Olexandr Isayev: My name is Olexandr Isayev, or Olis for short. I grew up in Ukraine then I move to US. Did my PhD in computational chemistry, and I also have a minor in computer science. So I’ve worked in a lot of different topics in chemical sciences, and in particular, we use a computer simulation, like high performance computing simulation, and how we can address the challenges of chemical sciences, and recently, I started the faculty position at UNC, so I’m an assistant professor at the University of North Carolina in Chapel Hill, and basically where current focus of our work is connecting AI and machine learning with chemical and biological sciences and how does technology, data-driven technologies, could help us solve some of the fundamental problems in chemistry and biology.
So chemistry was kind of lagging behind some other field, right, because deep learning was the revolution in vision, in speech, in text, right? So in life sciences, it’s kind of on the back, so I think neural network come—the modern neural networks come—two or three years ago to chemical sciences. Interesting, so there was the old types of neural networks in 90s, so you can still find those papers where people use the neural networks in the 80s and 90s. Then you know, then there was a period of winter and no one used them, but now we see this new way for past 34 years, probably, and so those are very emergent applications, and not that many people work there, but new students come in and been trained in both computer science and chemistry, so the trend is accelerating, so we see this wave of applications last year and this year.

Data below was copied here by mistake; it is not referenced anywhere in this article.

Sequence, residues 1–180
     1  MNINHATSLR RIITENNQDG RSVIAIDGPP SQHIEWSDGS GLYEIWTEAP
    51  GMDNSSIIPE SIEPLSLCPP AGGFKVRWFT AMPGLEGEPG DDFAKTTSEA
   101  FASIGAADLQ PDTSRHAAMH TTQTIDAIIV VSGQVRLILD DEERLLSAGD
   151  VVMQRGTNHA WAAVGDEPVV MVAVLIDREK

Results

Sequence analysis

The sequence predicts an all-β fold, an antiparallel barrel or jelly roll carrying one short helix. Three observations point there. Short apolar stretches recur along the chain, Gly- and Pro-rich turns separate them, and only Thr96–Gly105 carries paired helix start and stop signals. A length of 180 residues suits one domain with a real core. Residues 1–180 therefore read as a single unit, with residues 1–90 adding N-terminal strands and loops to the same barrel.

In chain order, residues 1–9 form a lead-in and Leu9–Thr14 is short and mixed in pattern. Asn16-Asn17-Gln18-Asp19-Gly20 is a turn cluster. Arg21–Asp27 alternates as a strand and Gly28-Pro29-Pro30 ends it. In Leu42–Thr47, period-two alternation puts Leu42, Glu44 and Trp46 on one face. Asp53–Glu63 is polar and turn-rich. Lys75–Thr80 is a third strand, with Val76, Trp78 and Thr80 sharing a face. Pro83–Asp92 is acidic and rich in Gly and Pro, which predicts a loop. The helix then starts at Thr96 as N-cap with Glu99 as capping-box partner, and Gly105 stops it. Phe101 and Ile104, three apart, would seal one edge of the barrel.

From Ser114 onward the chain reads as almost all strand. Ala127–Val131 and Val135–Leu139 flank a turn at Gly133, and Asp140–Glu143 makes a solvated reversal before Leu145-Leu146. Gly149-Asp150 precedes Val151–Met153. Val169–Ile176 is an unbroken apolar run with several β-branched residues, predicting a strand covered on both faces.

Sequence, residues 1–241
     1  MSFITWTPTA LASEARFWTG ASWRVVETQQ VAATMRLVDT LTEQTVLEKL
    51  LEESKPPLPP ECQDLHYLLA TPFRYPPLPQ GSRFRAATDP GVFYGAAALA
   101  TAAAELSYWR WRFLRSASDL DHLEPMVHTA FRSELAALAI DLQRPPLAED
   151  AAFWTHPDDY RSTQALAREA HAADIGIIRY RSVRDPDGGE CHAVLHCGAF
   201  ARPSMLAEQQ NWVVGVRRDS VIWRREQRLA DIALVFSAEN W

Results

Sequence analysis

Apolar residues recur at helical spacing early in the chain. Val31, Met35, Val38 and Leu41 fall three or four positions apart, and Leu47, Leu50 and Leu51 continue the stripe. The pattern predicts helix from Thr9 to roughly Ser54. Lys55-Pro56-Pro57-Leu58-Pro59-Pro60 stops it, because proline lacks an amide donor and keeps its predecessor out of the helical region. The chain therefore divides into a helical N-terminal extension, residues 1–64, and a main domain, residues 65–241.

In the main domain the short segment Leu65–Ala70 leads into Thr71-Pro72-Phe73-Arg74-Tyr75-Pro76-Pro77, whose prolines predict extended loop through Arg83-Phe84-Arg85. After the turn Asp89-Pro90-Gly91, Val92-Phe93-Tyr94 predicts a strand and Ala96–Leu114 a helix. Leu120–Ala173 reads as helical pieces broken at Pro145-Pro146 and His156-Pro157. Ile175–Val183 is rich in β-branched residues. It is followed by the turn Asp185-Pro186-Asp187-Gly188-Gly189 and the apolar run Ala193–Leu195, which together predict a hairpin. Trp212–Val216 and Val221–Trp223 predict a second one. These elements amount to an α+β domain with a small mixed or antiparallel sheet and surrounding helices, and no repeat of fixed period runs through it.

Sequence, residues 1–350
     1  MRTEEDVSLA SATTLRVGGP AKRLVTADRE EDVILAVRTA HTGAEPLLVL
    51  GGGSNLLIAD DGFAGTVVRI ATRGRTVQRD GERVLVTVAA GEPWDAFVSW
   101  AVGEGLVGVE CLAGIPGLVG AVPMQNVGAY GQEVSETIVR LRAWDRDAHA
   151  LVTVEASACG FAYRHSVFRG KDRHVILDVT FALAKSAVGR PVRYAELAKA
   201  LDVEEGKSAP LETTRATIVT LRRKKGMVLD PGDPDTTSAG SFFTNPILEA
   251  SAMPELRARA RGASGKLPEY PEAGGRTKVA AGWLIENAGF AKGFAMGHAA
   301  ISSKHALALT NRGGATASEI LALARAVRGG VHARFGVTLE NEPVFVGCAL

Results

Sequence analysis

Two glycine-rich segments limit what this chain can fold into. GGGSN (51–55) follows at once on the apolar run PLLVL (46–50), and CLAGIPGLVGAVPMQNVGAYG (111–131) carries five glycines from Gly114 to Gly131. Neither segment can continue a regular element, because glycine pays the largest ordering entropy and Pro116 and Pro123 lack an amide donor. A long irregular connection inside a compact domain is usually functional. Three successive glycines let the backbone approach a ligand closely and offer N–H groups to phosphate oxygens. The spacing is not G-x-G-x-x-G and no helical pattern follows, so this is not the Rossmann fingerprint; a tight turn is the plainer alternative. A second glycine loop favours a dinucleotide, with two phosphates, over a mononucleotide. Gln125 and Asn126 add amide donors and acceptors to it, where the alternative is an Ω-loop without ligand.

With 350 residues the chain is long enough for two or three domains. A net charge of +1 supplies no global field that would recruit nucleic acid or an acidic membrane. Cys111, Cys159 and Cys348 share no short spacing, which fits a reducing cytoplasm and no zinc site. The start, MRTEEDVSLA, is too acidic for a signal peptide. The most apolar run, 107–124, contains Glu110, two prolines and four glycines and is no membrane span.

Ginette: He’s been at the forefront of the chemistry–artificial intelligence wave, helping augment traditional chemistry methods with machine learning to bring about what he thinks might be a leap-frog moment for the discipline.